Remarks by Humanitarian Coordinator Philippe Lazzarini during meeting with the Security Council in Mogadishu
Mogadishu, 13 August 2014 - Good afternoon distinguished representatives of the Security Council. I am pleased to welcome you to Somalia and for this opportunity to brief you on the humanitarian situation in Somalia, on behalf of the members of the Somalia Humanitarian Country team, who are here today.
Today we face a stark reality. All the signs that we saw in the pre-famine period in 2010 are here: insecurity, constricted humanitarian access, increase in food and commodity prices, food insecurity as a result of delayed rains, deteriorating nutrition situation among children, particularly among the internally displaced, and lack of predictable funding.
Drought conditions are being observed in southern, central and north-eastern parts of the country.
Somalia has some of the worst human development indicators in the world due to abject poverty:
One in five children in Somalia dies before the age of five, mostly from preventable diseases. The infant and maternal mortality rates for Somalia are among the highest in the world. Furthermore, safe access to water at just 30 per cent remains one of the lowest in the world.
203,000 acutely malnourished in Somalia; of them 50,000 are severely acutely malnourished and on the doorstep of death
There are more than 1 million internally displaced people, over 350,000 in Mogadishu, live in appalling conditions, and lack access to minimum basic social services such as education, health, shelter, water, sanitation and hygiene. The protection environment is weak and majority of victims of sexual violence are displaced women and girls.
One million Somalis are also seeking refuge in neighbouring countries.
Furthermore, Somalia is still battling polio, which returned in May last year after having been eradicated in 2007, and is currently facing a measles outbreak with about 6,000 cases since the start of 2014.
In the first phase of the military offensive in southern and central Somalia, we saw Al Shabaab using a tactic of “encirclement”, blocking some of the main supply routes limiting the supply of aid and commercially available basic commodities, with price increases of 50 per cent and peaks ranging from 80 per cent to 100 per cent in some areas. This has impacted the food security and nutrition situation.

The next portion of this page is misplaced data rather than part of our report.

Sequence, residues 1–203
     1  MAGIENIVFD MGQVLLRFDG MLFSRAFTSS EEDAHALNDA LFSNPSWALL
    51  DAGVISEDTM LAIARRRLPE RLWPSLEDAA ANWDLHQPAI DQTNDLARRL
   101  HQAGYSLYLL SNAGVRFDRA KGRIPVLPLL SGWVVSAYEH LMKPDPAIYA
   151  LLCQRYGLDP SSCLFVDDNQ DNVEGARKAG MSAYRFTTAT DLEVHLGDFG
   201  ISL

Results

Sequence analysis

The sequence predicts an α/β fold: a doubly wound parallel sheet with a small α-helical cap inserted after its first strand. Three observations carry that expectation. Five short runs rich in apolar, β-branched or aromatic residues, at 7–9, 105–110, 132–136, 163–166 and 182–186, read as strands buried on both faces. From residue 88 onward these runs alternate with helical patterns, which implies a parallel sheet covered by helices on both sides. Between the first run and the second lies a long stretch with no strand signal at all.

More than 73,000 civilians were displaced as a result of the military offensive in southern and central Somalia. The majority of them have not yet returned to their places of origin.
Human rights abuses, such as civilian casualties, forced recruitment, prevention to flee, destruction of property, extortion at illegal checkpoints during the flight, and gender-based violence, were reported in areas where military activities took place, but verification of these reports was a challenge due to insecurity and access constraints. In two weeks we will have the final analysis on the number of people in need of humanitarian assistance from food security experts. What we know, is that for the first time since the 2011 famine we will see the number of people in food security crisis and emergency go up again.
Last month, the Federal Government of Somalia described the humanitarian situation "as a precursor to the situation in 2011 in its intensity" and it has since established a Ministerial Emergency Response Committee to lead the development of a drought and emergency response plan.
The worst affected areas, and where the food security situation is expected to deteriorate, include parts of Bakool, Gedo, Hiraan, Lower Shabelle and Middle Juba regions. Bari and Nugaal regions of north-eastern Somalia are also facing drought due to poor Gu rains.
This might be further compounded by not only by the second phase of the military offensive by the Somali National Armed Forces and the African Union Mission in Somalia to oust the Al Shabaab; but also by the risk that remittances, another lifeline for millions of Somalis, are facing as banks continue to threaten to close Somali Money Transfer Organisations as they are seen as a high risk for illegal activities.
As you know, the operating environment in Somalia is difficult and dangerous. Security is volatile and aid workers are directly targeted.
Road access to deliver humanitarian assistance to most of the newly recovered areas remains extremely difficult and unpredictable. Air fields/strips are generally of poor quality, needing rehabilitation and too small for larger cargo aircraft to land. A new medium size (4 to 5 metric tons) cargo aircraft operation has just been launched, funded by the Common Humanitarian Fund, to support delivery of humanitarian supplies to some of these locations only accessible by air.
Despite the insecurity and challenges of operating in Somalia, humanitarian organizations are able to reach many people in need.